The basic assumptions made for the vehicle are to apply conventional structural technology by forming the blended wing/body of the aircraft from ordinary aluminum alloy. The thermal protection system technology deemed suitable for this application is carbon/silica carbide for the nose cap, DuraTABI for acreage areas on the lower surface, and a lightweight blanket insulation for the upper surface. The crew cabin accommodations are austere, as in the U-2 reconnaissance aircraft.

    Table 2  Weight Breakdown (pounds)
    Structures Group		  6,686
    Wing			  1,572
    Vertical tail		    739
    Fuselage		  2,924
    Main landing gear	    916
    Nose landing gear	    243
    Engine mounts		    292
    Propulsion Group		  3,091
    Engines			  2,120
    Fuel system		    971
    Equipment Group		  1,181
    Flight controls		    372
    Instruments		    142
    Avionics		    567
    Furnishings		    100
    Mission-specific Group	  4,000
    Reaction controls	    400
    Life support		    800
    Thermal protection system  2,800
    Total Empty Weight	 14,958
    Load Group		 33,494
    Payload			  1,000
    Crew			    440
    Propellant		 32,054
    Takeoff gross weight	 48,452
    Tanker rendezvous weight	 37,380
    Oxidizer transfer	146,870
    Gross light-off weight	184,250

Design Considerations

Unlike most spaceplane designs, this vehicle needs to have a particularly high subsonic lift to drag ratio. This is necessary for two reasons. First, the requirement to fly in the atmosphere on the rocket engine impels the designer to minimize thrust required, so that the rocket propellant load at takeoff remains small. Second, the vehicle's gross weight changes by a factor of about 4.5 during propellant transfer. The maneuver will be very difficult for the pilot to fly if the aircraft does not have a good cruise lift-to-drag ratio.

The aircraft features a highly blended design to maximize volume. The double- delta planform is adopted to provide minimal change of the aerodynamic center over a broad speed range, and also to provide a large strake to hold fuel and oxidizer so that the center of gravity does not move as the propellant is consumed. The overall wing area is 780 square feet. The wing loading is suffi ciently low that no lift devices such as flaps or slats should be needed for takeoff or landing, especially with the enormous thrust available from the rocket engine. Low wing loading may also moderate the thermal environment during reentry.

Flight test

Unlike most space vehicles, it will be possible to test the aircraft proposed here in a conventional flight test environment. No special range require ments beyond what is conventionally available at, for example, Edwards AFB should be required. Because there are aviators aboard the vehicle, no requirement for a destruct package exists. Aside from storage areas for the new propellant, it should not prove necessary to construct any new facilities for any phase of this program.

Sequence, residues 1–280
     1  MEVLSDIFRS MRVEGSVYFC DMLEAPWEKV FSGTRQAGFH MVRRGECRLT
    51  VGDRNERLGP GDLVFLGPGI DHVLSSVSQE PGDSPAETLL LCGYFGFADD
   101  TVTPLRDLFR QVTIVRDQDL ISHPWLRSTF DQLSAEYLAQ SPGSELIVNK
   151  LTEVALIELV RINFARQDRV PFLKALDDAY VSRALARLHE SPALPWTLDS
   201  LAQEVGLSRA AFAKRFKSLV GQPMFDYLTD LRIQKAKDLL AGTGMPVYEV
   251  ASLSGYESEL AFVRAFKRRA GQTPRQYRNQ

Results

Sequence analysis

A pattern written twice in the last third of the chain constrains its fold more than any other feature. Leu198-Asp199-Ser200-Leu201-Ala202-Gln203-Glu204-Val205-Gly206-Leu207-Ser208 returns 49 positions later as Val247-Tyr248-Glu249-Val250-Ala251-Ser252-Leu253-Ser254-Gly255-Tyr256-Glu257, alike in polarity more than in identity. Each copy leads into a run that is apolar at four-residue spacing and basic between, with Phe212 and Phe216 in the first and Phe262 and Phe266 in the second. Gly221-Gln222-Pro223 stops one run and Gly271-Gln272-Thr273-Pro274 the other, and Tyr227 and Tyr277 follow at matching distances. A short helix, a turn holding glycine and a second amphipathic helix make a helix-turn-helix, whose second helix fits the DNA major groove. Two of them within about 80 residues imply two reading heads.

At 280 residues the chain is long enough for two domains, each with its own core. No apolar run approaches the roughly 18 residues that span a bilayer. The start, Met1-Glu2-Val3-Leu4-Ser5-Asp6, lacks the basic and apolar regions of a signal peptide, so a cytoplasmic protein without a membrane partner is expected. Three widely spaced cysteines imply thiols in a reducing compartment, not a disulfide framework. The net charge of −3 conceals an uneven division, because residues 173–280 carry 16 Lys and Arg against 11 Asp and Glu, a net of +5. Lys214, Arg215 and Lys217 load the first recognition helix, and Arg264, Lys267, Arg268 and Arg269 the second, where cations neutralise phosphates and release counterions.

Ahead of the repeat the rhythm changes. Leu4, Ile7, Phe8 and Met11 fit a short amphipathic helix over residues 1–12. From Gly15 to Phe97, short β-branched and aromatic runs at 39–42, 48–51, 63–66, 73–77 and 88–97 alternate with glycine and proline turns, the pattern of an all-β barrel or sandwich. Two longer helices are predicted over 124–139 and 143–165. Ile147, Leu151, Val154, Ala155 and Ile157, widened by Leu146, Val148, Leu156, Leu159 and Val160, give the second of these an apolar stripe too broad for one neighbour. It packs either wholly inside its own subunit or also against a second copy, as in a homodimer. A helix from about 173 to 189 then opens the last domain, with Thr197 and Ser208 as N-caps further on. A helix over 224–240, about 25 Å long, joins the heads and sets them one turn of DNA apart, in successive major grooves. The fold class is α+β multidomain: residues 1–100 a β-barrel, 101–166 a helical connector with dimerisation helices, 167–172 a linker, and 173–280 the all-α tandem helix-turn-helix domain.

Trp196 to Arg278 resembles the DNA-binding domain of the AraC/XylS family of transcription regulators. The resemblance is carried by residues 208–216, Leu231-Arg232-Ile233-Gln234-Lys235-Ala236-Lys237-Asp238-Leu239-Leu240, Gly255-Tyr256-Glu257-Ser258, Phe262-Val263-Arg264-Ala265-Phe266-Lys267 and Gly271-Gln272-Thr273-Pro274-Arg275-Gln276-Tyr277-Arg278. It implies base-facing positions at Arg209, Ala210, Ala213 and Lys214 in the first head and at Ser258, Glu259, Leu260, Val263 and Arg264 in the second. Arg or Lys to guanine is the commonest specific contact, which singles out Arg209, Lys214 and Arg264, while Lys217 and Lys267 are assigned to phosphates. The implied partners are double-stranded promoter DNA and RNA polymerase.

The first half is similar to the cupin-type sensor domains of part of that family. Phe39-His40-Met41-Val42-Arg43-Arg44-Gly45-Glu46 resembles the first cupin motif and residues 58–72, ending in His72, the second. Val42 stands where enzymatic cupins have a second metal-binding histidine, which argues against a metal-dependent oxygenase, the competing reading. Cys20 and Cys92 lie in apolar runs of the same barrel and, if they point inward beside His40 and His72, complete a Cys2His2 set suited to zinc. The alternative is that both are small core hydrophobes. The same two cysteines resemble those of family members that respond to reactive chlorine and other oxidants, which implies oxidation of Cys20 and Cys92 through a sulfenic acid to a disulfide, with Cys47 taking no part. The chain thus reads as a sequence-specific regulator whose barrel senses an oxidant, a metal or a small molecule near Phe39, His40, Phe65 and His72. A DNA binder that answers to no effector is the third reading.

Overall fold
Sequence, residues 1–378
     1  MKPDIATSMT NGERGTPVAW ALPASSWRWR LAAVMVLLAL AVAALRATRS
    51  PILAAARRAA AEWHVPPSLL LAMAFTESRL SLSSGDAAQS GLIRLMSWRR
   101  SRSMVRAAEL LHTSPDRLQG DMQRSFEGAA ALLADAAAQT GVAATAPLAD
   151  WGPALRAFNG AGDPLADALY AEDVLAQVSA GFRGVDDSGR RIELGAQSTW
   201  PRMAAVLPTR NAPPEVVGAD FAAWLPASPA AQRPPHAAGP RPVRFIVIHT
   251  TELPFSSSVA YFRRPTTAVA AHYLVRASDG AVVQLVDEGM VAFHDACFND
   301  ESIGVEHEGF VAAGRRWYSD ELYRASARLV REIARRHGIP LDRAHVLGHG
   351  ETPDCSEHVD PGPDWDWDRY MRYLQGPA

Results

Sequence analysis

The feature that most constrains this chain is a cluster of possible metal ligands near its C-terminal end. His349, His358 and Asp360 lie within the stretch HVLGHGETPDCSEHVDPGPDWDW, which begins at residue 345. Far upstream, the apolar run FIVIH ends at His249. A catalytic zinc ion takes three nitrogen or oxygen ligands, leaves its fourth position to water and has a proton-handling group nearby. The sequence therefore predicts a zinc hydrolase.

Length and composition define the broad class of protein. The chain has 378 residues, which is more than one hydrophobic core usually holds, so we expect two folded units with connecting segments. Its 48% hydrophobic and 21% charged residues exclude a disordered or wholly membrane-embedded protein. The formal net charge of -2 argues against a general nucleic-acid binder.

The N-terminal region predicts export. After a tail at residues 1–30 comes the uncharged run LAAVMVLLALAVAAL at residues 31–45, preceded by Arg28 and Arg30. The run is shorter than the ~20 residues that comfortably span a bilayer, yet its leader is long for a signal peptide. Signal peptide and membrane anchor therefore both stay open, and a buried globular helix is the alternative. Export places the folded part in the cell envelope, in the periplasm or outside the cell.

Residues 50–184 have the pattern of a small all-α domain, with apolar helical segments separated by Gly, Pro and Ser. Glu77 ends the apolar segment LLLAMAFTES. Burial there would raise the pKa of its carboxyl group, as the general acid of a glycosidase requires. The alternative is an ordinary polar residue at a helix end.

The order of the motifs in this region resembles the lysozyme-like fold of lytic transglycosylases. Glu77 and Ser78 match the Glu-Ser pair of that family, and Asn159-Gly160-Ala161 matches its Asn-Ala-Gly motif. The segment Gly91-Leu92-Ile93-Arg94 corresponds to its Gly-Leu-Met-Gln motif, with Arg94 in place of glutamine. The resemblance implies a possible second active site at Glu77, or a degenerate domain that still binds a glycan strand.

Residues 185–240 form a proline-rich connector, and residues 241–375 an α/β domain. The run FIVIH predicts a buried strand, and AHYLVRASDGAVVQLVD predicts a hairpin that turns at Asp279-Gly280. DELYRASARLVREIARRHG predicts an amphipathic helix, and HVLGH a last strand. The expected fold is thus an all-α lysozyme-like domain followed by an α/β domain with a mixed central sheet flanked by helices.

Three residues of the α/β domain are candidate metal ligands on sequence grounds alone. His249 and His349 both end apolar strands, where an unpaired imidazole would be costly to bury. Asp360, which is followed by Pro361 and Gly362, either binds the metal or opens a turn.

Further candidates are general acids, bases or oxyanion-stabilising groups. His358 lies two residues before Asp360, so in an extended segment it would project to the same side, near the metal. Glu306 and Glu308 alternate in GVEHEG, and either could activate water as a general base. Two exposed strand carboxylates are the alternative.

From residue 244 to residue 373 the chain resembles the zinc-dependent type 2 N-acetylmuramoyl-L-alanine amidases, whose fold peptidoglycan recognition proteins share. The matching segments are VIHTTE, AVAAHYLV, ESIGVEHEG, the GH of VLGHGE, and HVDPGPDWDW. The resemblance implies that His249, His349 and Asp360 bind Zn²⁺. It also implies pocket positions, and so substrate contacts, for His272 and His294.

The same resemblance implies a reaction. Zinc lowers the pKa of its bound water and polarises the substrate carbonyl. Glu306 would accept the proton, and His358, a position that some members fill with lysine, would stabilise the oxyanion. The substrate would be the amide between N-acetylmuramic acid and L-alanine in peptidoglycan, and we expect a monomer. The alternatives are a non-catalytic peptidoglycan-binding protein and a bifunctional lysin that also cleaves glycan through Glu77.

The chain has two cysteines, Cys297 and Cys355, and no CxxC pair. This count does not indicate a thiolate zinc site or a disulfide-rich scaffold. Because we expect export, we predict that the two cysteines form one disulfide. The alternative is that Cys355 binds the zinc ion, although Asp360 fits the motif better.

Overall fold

The flight test program could begin in a conventional build-up fashion, starting with taxi and ground tests, first flight, performance, and flying qualities testing. This phase of the program would emphasize handling qualities while connected to the tanker boom, because the oxidizer transfer will quadruple the weight of the aircraft when it takes place. Once the flight control system has been qualified, transfer of steadily increasing amounts of oxidizer would support envelope expansion and flight to increased altitudes and airspeeds. Exoatmospheric flight and reentry could be investigated, and the operational envelope of the thermal protection system could be determined. The capability of the system to perform ballistic transfers to anywhere on earth within one hour could be demonstrated.

Loading the aircraft with fuel and oxidizer at 7.30:1, up to the maximum takeoff weight, could also permit exoatmospheric flight without propellant transfer. The ballistic ferry range of the aircraft under these conditions is about 3200 nautical miles, allowing for some aerodynamic range extension at the end of the trajectory.

An orbital flight attempt would follow the envelope expansion phase. Investigation of on-orbit flying qualities could proceed at this point, as well as an experimental determination of reentry cross range. One sub-phase of the orbital flight test program of particular interest would be on-orbit propellant transfer. If the aircraft were completely refueled in low earth orbit, it would have enough Dv to visit anywhere in cislunar space, such as geostationary orbits, or to perform multiple plane changes and visit many different points on a single mission. Reentry from increased altitudes and entry speeds could be tested, yielding an assessment of the capability of a high temperature reentry capability in realistic conditions. Conclusions Using in flight propellant transfer to reduce the Dv needed to fly to space makes it possible for a fighter-sized aircraft to achieve orbit. The enabling technology to do this is non-cryogenic, non-toxic rocket propulsion based on H2O2 and JP-5. Developing this capability permits a variety of militarily significant capabilities to be demonstrated.